Japanese Supercomputer Demolishes Own Speed Record

A Japanese supercomputer has just smashed its own processing speed record, becoming (and remaining) the world’s fastest supercomputer. Japan’s K-computer’ held the record of 8 quadrillion (a quadrillion is a thousand trillion, a petaflop, if you prefer) calculations per second. It has a brain consisting of 88,000 processor microchips and now clocks in at a mind-boggling 10 quadrillion calculations a second, over its 8 quadrillion record at a stunning 93% accuracy. An ordinary desktop, having two or four microchips units, clocks in at about a gigaflop (one thousandth of a trillion), which is a million times lesser than a quadrillion.

The K-computer. The image was released by Riken on Wednesday. (Courtesy: Riken)

The K-Computer

The supercomputer was designed at Fujitsu, in collaboration with the supercomputers R&D wing of Riken, specifically to achieve this landmark. The name derives from the Japanese word kei’, which means 10 quadrillion. The name appears extremely successful now that the computer has achieved the 10 petaflop mark.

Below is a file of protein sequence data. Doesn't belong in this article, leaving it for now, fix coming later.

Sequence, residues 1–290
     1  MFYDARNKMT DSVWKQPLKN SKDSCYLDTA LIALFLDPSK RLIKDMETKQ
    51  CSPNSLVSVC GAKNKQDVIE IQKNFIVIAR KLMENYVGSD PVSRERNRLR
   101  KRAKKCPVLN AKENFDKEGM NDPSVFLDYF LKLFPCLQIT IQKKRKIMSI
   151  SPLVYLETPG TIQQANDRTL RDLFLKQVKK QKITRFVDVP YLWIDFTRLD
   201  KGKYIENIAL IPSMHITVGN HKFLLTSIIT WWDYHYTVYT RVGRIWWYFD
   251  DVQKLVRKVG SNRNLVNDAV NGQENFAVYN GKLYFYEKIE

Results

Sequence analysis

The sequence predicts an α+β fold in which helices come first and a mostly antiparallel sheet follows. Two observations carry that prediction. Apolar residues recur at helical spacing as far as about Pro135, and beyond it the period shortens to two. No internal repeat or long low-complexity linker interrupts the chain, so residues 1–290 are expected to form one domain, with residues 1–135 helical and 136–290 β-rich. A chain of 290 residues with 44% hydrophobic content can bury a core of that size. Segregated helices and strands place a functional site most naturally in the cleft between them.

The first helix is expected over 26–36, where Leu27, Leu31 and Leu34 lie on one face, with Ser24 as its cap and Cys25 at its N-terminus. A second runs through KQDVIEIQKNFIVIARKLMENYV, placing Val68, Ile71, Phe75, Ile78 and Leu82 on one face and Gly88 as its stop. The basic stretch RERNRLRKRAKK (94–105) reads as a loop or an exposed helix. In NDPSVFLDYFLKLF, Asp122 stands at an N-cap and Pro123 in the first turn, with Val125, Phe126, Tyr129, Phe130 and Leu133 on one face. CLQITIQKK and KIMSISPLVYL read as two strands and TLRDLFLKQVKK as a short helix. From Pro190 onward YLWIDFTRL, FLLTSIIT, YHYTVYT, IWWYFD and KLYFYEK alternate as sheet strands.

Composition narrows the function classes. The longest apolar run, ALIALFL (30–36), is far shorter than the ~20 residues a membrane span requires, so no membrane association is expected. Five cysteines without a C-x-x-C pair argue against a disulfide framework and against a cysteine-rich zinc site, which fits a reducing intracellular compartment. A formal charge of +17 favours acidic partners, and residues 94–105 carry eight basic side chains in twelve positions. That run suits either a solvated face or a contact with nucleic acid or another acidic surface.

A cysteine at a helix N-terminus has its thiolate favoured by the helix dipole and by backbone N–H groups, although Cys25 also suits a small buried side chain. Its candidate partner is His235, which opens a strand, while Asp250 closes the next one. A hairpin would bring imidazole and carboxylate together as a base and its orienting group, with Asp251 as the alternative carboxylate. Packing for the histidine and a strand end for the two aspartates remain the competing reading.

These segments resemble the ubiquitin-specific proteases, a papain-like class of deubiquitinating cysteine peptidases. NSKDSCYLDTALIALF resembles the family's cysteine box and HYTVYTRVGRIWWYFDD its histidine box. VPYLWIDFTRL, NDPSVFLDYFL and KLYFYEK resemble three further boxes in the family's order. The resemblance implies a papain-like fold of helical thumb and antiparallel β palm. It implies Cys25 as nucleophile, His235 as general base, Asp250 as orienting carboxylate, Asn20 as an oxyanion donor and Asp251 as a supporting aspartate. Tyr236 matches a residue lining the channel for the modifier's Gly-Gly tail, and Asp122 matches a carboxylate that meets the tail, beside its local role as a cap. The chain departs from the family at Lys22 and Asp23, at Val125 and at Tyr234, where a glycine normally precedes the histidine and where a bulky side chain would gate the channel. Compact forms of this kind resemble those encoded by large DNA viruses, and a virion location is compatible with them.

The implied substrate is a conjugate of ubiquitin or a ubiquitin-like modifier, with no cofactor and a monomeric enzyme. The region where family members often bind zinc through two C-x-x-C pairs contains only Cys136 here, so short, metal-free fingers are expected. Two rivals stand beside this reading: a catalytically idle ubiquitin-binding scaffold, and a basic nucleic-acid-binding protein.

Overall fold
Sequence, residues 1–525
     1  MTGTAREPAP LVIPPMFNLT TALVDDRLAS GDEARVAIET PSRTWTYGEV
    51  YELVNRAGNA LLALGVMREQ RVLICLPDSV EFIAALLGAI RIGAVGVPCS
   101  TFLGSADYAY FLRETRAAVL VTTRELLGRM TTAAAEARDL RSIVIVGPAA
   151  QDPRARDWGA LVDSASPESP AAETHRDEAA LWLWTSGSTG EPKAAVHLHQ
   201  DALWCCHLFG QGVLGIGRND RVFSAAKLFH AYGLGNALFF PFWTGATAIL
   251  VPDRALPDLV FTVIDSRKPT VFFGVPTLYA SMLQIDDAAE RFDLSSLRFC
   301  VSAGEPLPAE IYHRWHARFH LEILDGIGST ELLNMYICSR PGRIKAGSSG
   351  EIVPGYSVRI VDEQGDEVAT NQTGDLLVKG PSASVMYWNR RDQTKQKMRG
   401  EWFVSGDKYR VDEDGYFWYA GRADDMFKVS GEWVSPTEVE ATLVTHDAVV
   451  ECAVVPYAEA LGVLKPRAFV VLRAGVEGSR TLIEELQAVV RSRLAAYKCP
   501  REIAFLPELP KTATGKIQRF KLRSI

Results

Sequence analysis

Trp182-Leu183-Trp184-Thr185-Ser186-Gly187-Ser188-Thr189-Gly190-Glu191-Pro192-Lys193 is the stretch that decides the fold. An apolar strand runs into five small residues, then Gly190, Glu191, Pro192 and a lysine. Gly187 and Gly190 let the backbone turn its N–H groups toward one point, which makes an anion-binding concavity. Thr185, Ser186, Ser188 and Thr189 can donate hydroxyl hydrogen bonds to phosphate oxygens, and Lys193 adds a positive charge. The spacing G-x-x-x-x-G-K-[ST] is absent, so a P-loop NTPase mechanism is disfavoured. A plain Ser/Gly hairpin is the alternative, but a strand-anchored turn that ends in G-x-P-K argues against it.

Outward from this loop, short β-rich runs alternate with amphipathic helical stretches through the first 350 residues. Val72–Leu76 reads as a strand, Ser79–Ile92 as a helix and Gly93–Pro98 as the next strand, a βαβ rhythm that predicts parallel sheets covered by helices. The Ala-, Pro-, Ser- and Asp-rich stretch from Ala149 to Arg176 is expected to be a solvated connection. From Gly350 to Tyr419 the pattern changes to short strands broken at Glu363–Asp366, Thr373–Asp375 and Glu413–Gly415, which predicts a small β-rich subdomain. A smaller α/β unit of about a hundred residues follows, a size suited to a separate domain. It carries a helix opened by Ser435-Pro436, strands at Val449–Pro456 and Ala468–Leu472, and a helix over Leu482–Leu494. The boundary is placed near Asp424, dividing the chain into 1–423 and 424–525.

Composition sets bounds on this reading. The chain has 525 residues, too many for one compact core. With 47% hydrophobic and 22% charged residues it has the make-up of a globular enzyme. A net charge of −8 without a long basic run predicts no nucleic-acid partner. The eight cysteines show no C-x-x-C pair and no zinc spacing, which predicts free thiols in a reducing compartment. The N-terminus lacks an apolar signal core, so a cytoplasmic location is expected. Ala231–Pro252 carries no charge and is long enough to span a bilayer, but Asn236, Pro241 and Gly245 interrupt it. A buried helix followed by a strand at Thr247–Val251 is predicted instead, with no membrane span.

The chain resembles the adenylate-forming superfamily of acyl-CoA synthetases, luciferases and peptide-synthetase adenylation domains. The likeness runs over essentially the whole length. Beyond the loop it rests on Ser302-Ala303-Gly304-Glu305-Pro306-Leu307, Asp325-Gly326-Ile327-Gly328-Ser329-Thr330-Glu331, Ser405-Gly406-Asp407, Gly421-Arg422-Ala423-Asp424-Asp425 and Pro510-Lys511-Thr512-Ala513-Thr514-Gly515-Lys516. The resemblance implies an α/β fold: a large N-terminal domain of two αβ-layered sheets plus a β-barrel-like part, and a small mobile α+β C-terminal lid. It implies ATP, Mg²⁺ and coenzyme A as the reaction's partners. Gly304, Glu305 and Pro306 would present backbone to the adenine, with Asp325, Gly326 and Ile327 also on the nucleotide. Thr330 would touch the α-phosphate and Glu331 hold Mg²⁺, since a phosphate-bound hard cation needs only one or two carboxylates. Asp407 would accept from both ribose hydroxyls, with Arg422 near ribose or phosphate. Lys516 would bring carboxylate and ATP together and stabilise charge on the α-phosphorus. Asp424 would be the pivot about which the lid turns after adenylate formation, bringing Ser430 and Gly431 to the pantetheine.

The Benchmark

The previous record of 8 petaflops was also held by K-computer, as mentioned. The score and rating is given by the LINPACK benchmark. It aims to calculate the speed by giving the computing machine an NxN system of linear equations of the general form Ax = B to solve. The standard procedure implemented is the Gaussian elimination method with partial pivoting. The system’s floating point computing power can then be judged and measured in megaflops.

Great Achievement

This is a momentous achievement of the island country, especially given what it has been through over the last year. Ryoji Noyori, the president of Riken, said:

The K Computer is a key national technology that will help lay the foundation for Japan’s further progress

Ten petaflops is mindblowing! It will be interesting to see the giant solving real problems in the sciences in the near future.

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Debjyoti Bardhan

Is a science geek, currently pursuing some sort of a degree (called a PhD) in Physics at TIFR, Mumbai. An enthusiastic but useless amateur photographer, his most favourite activity is simply lazing around. He is interested in all things interesting and scientific.